Tag Archives: spring canyoneering

Flowing Water Makes Spring Canyoneering Awesome

In The Secret Knowledge of Water (I think), Craig Childs writes about canyons as enormous, beautiful machines for moving water. The desert’s plumbing system, if you will. Twists and turns and slopes and swirls, all carved, grain by grain, by water making its way downward, in unthinking efficiency. And the remnant of this dynamic fluidity, these rushes and trickles and torrents, are our canyons. If you’ve never experienced a flowing canyon, it might be difficult to understand how alive a canyon can be, how someone could equate a flowing canyon to a living, breathing animal or being. And you might be GLAD you’ve never been in a flowing canyon, as most people equate flowing canyons with life-threatening flash floods, borne from summer thunderstorms. Every spring, however, as the snow melts from higher elevations and the saturated soils rejects spring rains, the canyons reliably flow, creating a wonderful world of water music, waterfalls, and raised voices, straining over the cacophony of running water. While spring canyoneering often requires drysuits or wetsuits to fend off frigid waters, the fun it absolutely worth it. There is nothing like enjoying a good dousing while rappelling through a waterfall, or swimming in deep, fresh water between narrow … Continue reading

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Spring Canyoneering Surprises the Ill-Prepared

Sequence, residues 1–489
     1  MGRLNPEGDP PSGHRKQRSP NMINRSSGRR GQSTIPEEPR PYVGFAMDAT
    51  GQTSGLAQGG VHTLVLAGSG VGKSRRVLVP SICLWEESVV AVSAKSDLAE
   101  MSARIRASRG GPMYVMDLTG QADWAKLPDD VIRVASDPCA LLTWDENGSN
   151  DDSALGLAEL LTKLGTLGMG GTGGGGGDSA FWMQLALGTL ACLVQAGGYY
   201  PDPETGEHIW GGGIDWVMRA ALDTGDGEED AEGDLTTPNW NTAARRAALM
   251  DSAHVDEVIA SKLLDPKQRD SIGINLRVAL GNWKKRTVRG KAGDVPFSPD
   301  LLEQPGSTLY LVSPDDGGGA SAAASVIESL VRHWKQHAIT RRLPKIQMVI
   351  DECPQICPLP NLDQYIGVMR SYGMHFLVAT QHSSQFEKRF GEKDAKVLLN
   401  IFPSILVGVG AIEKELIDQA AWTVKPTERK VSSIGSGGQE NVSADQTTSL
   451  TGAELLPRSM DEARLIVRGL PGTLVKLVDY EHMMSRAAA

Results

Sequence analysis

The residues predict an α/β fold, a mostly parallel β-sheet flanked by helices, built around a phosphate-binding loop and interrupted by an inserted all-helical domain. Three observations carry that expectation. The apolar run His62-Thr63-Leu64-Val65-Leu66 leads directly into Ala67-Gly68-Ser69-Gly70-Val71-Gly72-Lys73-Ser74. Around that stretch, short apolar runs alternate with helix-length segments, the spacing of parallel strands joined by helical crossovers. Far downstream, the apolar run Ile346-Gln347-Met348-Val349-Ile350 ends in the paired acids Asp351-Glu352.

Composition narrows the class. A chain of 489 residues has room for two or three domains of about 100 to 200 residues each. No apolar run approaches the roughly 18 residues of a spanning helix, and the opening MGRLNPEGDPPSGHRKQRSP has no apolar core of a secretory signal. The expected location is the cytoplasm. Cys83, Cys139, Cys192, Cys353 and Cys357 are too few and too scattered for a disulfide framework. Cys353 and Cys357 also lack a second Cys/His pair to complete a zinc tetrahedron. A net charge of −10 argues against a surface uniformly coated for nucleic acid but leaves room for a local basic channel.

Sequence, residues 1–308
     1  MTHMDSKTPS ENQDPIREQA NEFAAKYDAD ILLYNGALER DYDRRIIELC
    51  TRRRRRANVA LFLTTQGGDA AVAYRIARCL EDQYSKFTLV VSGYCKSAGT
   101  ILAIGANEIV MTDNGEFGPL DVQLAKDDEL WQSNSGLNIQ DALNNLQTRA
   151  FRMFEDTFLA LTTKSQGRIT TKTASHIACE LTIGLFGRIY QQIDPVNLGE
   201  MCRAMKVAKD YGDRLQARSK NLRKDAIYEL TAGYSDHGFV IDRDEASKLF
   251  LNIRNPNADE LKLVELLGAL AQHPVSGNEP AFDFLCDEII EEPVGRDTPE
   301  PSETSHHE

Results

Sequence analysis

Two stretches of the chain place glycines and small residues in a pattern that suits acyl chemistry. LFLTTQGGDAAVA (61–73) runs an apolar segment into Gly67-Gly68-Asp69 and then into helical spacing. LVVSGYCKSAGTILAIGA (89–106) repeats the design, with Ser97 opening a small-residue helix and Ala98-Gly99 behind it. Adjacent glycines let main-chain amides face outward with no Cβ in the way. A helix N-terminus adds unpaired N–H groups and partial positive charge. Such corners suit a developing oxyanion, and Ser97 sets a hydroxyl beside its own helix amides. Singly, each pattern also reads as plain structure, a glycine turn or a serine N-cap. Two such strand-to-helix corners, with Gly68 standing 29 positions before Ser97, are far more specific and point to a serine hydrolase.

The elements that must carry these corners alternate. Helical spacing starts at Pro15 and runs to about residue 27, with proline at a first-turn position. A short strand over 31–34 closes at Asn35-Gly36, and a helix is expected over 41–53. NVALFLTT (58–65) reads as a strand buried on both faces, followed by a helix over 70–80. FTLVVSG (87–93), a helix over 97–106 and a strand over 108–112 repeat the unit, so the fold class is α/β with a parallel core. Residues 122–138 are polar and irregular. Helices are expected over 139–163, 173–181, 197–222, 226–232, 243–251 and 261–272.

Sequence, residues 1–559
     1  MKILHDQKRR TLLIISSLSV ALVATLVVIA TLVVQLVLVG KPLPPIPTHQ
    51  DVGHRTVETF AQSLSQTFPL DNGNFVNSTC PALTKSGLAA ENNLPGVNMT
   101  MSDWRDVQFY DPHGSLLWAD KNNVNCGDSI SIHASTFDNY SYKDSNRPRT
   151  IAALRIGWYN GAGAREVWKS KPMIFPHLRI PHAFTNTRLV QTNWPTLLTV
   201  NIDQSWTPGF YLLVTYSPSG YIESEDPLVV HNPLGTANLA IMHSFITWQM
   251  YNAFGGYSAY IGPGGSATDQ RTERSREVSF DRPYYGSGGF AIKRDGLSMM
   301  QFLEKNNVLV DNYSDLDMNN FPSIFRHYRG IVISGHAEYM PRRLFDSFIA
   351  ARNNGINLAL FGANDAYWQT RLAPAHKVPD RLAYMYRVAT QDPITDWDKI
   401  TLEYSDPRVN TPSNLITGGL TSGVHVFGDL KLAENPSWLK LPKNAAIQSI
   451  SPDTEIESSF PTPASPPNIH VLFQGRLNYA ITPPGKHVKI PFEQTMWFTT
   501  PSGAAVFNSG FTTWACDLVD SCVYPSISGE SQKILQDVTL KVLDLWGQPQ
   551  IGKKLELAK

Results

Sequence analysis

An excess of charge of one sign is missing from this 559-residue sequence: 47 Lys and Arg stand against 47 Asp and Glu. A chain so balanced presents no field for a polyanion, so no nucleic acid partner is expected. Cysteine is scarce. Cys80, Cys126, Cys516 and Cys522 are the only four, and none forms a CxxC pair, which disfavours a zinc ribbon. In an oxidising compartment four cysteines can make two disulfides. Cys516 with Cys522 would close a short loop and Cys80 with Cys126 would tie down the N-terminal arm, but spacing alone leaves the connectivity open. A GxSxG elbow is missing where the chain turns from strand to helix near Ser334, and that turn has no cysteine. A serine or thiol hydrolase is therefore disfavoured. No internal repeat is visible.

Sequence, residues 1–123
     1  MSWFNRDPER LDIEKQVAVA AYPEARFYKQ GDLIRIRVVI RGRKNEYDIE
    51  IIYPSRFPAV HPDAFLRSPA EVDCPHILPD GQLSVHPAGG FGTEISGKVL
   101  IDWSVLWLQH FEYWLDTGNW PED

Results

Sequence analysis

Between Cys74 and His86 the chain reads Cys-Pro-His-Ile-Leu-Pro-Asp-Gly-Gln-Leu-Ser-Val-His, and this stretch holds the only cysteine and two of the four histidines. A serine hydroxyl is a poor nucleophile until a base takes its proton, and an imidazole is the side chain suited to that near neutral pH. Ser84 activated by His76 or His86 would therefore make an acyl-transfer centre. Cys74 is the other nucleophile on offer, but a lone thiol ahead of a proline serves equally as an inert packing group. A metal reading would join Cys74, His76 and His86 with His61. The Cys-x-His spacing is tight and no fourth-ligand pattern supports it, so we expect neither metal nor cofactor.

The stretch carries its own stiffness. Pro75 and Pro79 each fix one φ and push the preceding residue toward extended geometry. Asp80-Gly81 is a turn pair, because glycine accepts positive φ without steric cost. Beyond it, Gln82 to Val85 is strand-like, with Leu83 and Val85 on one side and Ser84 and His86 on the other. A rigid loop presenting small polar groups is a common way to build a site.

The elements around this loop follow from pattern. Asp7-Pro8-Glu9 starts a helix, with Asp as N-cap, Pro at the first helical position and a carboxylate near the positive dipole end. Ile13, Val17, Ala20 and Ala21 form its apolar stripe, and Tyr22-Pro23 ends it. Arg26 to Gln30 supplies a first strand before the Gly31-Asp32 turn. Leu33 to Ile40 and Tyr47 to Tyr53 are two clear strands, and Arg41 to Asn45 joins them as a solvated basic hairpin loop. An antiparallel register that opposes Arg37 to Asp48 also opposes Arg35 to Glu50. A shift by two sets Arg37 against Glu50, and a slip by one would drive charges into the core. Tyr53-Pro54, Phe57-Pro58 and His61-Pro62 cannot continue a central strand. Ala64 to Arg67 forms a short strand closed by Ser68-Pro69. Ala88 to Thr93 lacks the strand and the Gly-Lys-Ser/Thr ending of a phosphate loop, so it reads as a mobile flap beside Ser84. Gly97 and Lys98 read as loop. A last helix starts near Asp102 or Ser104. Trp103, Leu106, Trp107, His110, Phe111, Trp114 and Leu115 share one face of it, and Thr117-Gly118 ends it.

Noticed this great trip report from SportsLover, a local St. George-based blogger who ventured out to descend Water Canyon last week. Though these guys fortunately came out of their predicament unscathed, the hypothermic challenge they created for themselves was significant. While two well-trained, large men with a good sense of humor and adventure evidently dealt with the cold challenge well here, the same set of circumstances could lead to an emergency, or even a fatality, for a different team. Not only does cold challenge lead to hypothermia, but also hypothermic symptoms like slower movement, loss of coordination, and, most importantly, impaired cognition. These symptoms easily lead to accidents, compounding the trouble in such situations. As you can see in the pictures, there can be a lot of ice and snow melting out in Zion’s canyons this time of year, which means ice-cold running water, dousing waterfalls, deep pools covered with thin ice, and even hiking in deep snow. When it’s 65 and sunny in town, it doesn’t mean the canyons are hospitable to those in sandals and t-shirts. At Zion Adventure Company, we love spring canyoneering, but we make sure to choose warmer venues OR warmer equipment to make sure … Continue reading

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